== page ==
Chicago Theatre

175 N. State Street,
Chicago, IL 60601

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Chicago Theatre - Auditorium from left of balcony

Viewing: Photo | Street View

One of the grandest movie palaces ever built, this 3,896-seat palace opened on October 26, 1921, the work of the firm of Rapp & Rapp, the favored architectural firm of the theater’s original operators, the Balaban & Katz chain.

The Chicago Theatre was restored in 1986 to its 1930’s appearance and now hosts a mix of concerts, live entertainment, and assorted special events (like the annual Glamorama fashion show sponsored by Macy’s -formerly Marshall Field’s- and the occasional movie screening for the Chicago International Film Festival).

Recent comments (view all 270 comments)

Broan
Broan on June 26, 2012 at 4:27 pm

nope. closest is the patio.

RickB
RickB on September 3, 2012 at 11:39 am

So who are Chad and Francois? They have their names on the Chicago’s marquee at the 16-second mark of this AT&T spot.

Scott
Scott on October 29, 2012 at 11:24 am

Interesting photo. Obviously taken from the marquee of the State-Lake Theatre across the street.

Tim O'Neill
Tim O'Neill on October 29, 2012 at 11:29 am

This photo was not taken across the street on the State-Lake marquee. The State-Lake was directly across the street from the Chicago. This photo may have been taken from the L station platform.

Broan
Broan on November 4, 2012 at 7:44 am

Here is a great picture showing the wonderful detail of the second marquee.

KenC
KenC on January 18, 2013 at 11:49 am

In the 1957 movie “BEGINNING OF THE END”, you can see the Chicago and Loop theatres at exactly 1 hour and 23 seconds into the film. On the Chicago marquee “MOBY DICK” ; the Loop is showing “MEET ME IN LAS VEGAS”. Can be seen- for free- at YouTube.

LouRugani
LouRugani on February 18, 2013 at 7:34 pm

(Chicago Tribune, September 27, 1996)

Sign Of The Times

State Street Is Losing Its Brightest Light, But Only For A Short While.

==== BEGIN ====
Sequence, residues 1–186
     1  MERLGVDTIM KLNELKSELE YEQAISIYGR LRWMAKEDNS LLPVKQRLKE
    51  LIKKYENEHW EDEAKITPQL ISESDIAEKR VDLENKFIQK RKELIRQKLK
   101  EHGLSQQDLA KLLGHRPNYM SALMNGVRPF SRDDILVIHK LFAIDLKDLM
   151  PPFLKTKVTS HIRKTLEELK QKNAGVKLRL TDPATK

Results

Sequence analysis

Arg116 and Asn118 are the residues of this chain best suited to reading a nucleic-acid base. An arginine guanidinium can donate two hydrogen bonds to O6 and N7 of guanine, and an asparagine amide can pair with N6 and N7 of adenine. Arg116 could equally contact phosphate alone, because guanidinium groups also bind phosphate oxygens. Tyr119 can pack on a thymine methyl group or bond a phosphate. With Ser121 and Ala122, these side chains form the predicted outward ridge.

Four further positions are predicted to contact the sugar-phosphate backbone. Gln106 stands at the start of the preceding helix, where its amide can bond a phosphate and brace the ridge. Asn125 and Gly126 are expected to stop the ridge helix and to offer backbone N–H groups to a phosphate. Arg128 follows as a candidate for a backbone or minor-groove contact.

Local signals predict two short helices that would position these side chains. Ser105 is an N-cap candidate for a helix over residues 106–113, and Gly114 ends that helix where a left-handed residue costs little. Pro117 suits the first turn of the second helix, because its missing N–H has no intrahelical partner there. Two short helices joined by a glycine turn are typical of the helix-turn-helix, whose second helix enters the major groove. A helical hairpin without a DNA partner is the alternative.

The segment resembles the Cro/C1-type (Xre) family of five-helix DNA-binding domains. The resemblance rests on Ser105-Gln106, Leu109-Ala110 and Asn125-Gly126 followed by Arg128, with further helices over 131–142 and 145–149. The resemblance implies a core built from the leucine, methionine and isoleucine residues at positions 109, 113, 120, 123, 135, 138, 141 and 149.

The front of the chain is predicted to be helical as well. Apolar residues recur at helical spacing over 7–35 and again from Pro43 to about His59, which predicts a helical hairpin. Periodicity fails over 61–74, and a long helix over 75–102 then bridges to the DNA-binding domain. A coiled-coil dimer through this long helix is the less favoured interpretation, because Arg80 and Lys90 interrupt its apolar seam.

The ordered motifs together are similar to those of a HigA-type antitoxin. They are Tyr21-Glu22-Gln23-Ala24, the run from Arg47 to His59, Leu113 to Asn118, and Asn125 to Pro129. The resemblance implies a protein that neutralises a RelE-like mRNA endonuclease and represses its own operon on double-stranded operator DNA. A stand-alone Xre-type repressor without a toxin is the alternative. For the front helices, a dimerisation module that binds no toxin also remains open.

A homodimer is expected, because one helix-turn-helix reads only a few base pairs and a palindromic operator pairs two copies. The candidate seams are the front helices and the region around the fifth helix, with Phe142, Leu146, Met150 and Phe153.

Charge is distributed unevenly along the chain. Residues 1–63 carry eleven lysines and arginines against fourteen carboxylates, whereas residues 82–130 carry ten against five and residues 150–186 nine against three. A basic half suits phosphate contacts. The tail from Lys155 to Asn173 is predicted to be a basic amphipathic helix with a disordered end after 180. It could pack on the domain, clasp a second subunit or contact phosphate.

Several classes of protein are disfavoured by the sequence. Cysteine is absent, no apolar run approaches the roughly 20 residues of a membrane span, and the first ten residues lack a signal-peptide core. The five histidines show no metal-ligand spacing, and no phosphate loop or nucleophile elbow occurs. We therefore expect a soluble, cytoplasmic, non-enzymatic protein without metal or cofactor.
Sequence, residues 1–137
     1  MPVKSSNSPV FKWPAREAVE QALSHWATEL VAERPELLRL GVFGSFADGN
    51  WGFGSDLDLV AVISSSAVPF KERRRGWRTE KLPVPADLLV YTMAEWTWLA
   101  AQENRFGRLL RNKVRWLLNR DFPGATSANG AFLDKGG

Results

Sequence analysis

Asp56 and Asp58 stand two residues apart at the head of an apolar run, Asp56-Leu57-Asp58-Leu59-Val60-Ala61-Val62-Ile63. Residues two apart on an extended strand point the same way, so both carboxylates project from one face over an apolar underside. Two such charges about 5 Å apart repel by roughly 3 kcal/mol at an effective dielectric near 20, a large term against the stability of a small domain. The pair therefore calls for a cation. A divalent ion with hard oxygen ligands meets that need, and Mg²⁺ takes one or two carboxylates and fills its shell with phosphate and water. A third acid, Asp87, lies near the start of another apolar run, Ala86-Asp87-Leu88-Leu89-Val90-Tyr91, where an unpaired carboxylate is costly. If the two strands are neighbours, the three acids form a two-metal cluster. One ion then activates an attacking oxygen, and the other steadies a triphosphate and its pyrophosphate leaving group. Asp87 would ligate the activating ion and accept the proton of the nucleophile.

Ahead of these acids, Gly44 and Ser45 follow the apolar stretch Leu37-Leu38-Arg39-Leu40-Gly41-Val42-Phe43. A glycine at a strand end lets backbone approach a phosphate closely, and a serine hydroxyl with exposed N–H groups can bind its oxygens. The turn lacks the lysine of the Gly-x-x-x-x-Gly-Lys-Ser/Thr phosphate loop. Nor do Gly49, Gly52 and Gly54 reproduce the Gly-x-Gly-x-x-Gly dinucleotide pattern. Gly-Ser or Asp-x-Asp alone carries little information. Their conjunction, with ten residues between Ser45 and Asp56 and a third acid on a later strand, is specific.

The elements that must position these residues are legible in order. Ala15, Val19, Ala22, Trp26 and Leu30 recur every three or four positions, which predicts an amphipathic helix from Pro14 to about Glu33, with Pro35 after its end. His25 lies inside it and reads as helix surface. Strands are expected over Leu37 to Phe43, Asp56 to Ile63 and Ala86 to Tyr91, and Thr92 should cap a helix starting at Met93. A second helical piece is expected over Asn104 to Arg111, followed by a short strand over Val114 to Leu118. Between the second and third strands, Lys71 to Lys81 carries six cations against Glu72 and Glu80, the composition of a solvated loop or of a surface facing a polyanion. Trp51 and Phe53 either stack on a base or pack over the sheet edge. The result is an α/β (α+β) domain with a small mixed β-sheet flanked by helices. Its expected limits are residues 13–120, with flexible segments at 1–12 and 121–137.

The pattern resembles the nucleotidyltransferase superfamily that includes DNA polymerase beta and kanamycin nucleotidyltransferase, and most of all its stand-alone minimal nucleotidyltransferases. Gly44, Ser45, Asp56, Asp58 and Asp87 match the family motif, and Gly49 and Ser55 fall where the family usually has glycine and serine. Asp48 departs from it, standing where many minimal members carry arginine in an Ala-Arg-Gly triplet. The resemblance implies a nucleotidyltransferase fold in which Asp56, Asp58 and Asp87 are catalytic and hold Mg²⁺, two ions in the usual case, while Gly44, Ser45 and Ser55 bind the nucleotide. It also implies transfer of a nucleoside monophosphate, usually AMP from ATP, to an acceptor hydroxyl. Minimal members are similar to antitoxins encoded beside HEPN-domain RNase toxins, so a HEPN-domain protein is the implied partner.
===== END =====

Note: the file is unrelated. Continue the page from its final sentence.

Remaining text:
Chicago Theatre Getting A Brand-new Old Look

By Sabrina L. Miller, Tribune Staff Writer.

Aging stars don’t burn out—they get replaced. After 75 illuminating years, the towering Chicago Theatre sign, State Street’s brightest star and one of the city’s most recognizable landmarks, is coming down this week. The 76-foot-high steel sign, with 2,534 lights screaming “Chicago” for all to see, is corroded beyond repair and must be removed, said Chicago Theatre Executive Director Wendy Heimann-Nunes.

“We are ensuring that the sign will look as it did when it was first put up,” he said.

Theater officials discovered the sign’s deterioration during a routine inspection last March, after the Civic Preservation Foundation assumed management of the theater. The sign appeared fine on the outside, but 75 years of Chicago’s harsh weather had taken its toll on the inside.

“It had to be close to falling, the steel was so rusted,” said Steve Kieffer, owner of Kieffer & Co., the Sheboygan, Wis., firm that is manufacturing the replica for $500,000.

“If it was at all possible to keep the original, we would have done it,” said Heimann-Nunes. “But it would have cost us two to three times as much to repair than to replace.”

So, how does one go about replicating a national landmark? Painstakingly, said Kieffer. Everything must be identical, from the seams between the metal pieces and obsolete maintenance ladders inside the top of the sign to intricate scrollwork.

The entire project will take about 860 hours of work, he said. The sign will be made in Sheboygan, then shipped to the Kieffer firm’s Buffalo Grove office, where an installation team will take it to Chicago.

The replica will be constructed from aluminum, which weighs about one-third less than the current steel sign and will ease stress on the building, Kieffer said. There will be a modern wiring system and “chaser” lights around the perimeter will be reconnected.

“We’ve gone to the nth degree to replicate it,” Heimann-Nunes said. “I don’t think anybody will know the difference.”

robboehm
robboehm on February 11, 2014 at 10:09 am

Shirley Temple made her Mark(er) in June 1934. See photo section.

Redwards1
Redwards1 on March 18, 2014 at 4:31 pm

San Francisco does have one remaining movie palace, or close to it: the Castro, which is not downtown but, like Chicago’s Patio, a neighborhood theatre. The Castro shows continual movie repertory & is home to the San Francisco International Silent Film Festival, which features newly restored prints & live music. The only thing missing is an adequate lobby & restrooms. The auditorium is large rather than huge & in good condition, with restoration of much original d├ęcor.

bigjoe59
bigjoe59 on March 19, 2014 at 1:18 pm

Hello-

thanks for your reply. the Castro is indeed alive and well but doesn’t qualify since like many grand old movie theaters built 1914-1941 was built from the get go as a 2nd/3rd run neighborhood theater. I am specifically looking for theaters built 1914- 1941 that were built from the get go as 1st run venues and have continued to operate as such since the day they opened. the only one I have come across is Grauman’s Chinese in Hollywood.

also while I’ve been to San Francisco I’ve never
been in the Castro Theater. what’s inadequate about
the restrooms?

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